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Some people refer to us as “bipolar sufferers” and that may well be true. Personally, I like to refer to myself as a “bipolar survivor”. It has caused those that I love and me, much pain and anguish – even costing me my marriage. But don’t count me out yet.


After many, many trials of meds over the course of about ten years, I had finally found a combination that all but eradicated my mania (with just a shallow bout with hypomania now and then), and left me with depression that I can usually work through with many strategies and “tricks of the trade”. I have been taking the same combination of meds at very high doses for almost 10 years now with no major changes. Until now.

But let me go back a couple of years.


I finished my doctoral dissertation in December of 2013. I pushed myself, cajoled, begged, tricked and strategized my way through that 155-page text. I worked myself to near exhaustion and during those last 5 months in that year, changed jobs. I now am a full time professor of graduate studies at a small college in the Central Valley of California. I went right from teaching high school full time and working on my dissertation, to teaching college full time with a learning curve steeper than the bell curve.


My life is all work and no play. Yes, this is my own fault, I freely admit. It’s hard to be a type A person with bipolar – easier when manic, it seems.


Jump to today. My three adult children moved out last April and my 80-year-old parents, whom I adore, are moving in, and though I worry about my children, and now watch over my parents, I consider both a privilege denied to many. But that isn’t the problem or the point.


The point is, that I have never fully recovered from the 4-year doctoral program. They didn’t warn me that I would lose my husband (my second), lose many friends, and basically live under a rock for 4 years to finish on time. With working full time throughout, and being a single mom for most of that time, I had to narrowly focus on my goal; so narrow that I lost sight of life.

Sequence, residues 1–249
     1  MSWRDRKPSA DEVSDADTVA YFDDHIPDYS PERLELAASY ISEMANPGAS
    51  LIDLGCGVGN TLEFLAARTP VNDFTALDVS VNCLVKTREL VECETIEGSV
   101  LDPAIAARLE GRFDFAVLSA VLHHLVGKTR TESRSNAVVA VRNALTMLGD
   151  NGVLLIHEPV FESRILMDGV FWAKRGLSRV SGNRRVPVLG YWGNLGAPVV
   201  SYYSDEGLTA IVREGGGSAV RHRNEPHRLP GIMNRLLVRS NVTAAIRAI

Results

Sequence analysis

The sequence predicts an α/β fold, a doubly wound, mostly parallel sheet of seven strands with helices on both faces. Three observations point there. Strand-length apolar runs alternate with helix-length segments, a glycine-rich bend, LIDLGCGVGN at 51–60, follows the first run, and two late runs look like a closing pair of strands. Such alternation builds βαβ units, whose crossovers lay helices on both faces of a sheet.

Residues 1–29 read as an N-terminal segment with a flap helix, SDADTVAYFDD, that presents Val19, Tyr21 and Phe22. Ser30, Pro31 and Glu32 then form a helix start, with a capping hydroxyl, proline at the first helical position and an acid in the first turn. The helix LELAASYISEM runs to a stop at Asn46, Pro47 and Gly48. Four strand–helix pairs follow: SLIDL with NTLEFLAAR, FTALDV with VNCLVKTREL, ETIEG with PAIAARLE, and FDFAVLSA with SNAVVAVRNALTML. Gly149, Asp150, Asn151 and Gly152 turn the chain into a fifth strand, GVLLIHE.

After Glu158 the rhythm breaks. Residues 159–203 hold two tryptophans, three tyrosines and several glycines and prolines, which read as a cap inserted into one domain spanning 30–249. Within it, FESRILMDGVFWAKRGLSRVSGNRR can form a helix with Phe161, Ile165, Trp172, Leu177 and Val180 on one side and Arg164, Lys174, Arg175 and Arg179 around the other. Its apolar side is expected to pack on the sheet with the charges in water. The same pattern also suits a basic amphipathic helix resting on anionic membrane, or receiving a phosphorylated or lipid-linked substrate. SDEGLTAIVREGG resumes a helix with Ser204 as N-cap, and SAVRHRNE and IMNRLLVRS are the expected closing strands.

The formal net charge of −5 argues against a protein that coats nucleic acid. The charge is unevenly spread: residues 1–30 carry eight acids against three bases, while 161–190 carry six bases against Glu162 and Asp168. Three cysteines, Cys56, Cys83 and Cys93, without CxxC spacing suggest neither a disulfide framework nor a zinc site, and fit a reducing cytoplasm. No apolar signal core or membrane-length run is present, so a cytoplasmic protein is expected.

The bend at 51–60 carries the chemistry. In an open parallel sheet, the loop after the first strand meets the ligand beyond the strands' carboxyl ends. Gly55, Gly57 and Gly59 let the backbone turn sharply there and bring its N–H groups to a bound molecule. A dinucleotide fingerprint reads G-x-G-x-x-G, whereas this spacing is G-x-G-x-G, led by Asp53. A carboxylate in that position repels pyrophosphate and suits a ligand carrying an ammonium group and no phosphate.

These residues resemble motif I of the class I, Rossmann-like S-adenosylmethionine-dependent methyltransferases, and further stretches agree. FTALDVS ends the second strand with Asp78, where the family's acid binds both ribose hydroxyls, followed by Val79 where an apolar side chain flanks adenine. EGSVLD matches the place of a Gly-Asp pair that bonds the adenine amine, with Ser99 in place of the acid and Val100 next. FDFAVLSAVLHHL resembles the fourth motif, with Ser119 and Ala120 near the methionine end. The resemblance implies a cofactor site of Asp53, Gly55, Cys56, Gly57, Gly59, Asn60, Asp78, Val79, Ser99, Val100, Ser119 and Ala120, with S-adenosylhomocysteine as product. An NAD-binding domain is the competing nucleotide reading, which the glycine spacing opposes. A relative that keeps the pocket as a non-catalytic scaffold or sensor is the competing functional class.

They say if it were easy, everyone would do it. That must be true. But now, I struggle with the aftereffects of the dissertation process and as a person with bipolar disorder, this has caused some very real stress on my brain. Cognitive dysfunction. Verbal processing difficulties. Issues with attention. Weaker working memory. All comes down to what some call “brain fog”.


I have become easily distractible, highly sensitive to noise, have difficulty focusing and sitting still for more than thirty minutes at a time, and it takes me much longer to process auditory information than ever before in my life. It seems as though I have worn out my brain in some way: either through years of psychotropic med use, or the stresses of life.


When I was first diagnosed, I felt my own brain had betrayed me. The very thing I had relied on for my self-identification all my life, was now broken. I lived in a fog those first ten years trying this medication and that combination. I barely remember my children’s childhoods. I thought I had recovered after finding my current cocktail. I even used the word remission. But now I realize there may be short reprieves now and then, but I will always be on my guard against the symptoms of bipolar disorder.


I am going to see my pdoc next week. I am going to ask for a change of meds. The last time we discussed this possibility, he said it was a crapshoot – 50% it could work, 50% it might not, so we decided to leave things as they were. But I am deteriorating. I have restarted taking D, B12, Iron and Omega 3. I am even going to give Bulletproof coffee a try. I mean, what have I got to lose?


Sometimes I feel that I can’t do this anymore. But for today, I’m doing it anyway.


Photo by symphony of love


Lisa Keith, Psy.D.

September 29, 2014 Lisa Keith,Lisa.Keith Psy.D. is a 20-plus year veteran special education teacher who has taught grades K-12 and now teaches graduate students who want to grow up to be special ed. teachers. When she’s not teaching or academically engaged, she is completely engrossed in 49er football or the art of Zentangle. A typical day for Lisa begins at 4 a.m. to check email, Pinterest and journal, followed by a hefty dose of coffee and hours of study. You can learn more about her here:

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APA Reference
, . (2015). I CAN’T DO THIS…BUT I’M DOING IT ANYWAY. Psych Central. Retrieved on March 25, 2019, from


Last updated: 29 May 2015
Last reviewed: By John M. Grohol, Psy.D. on 29 May 2015
Published on All rights reserved.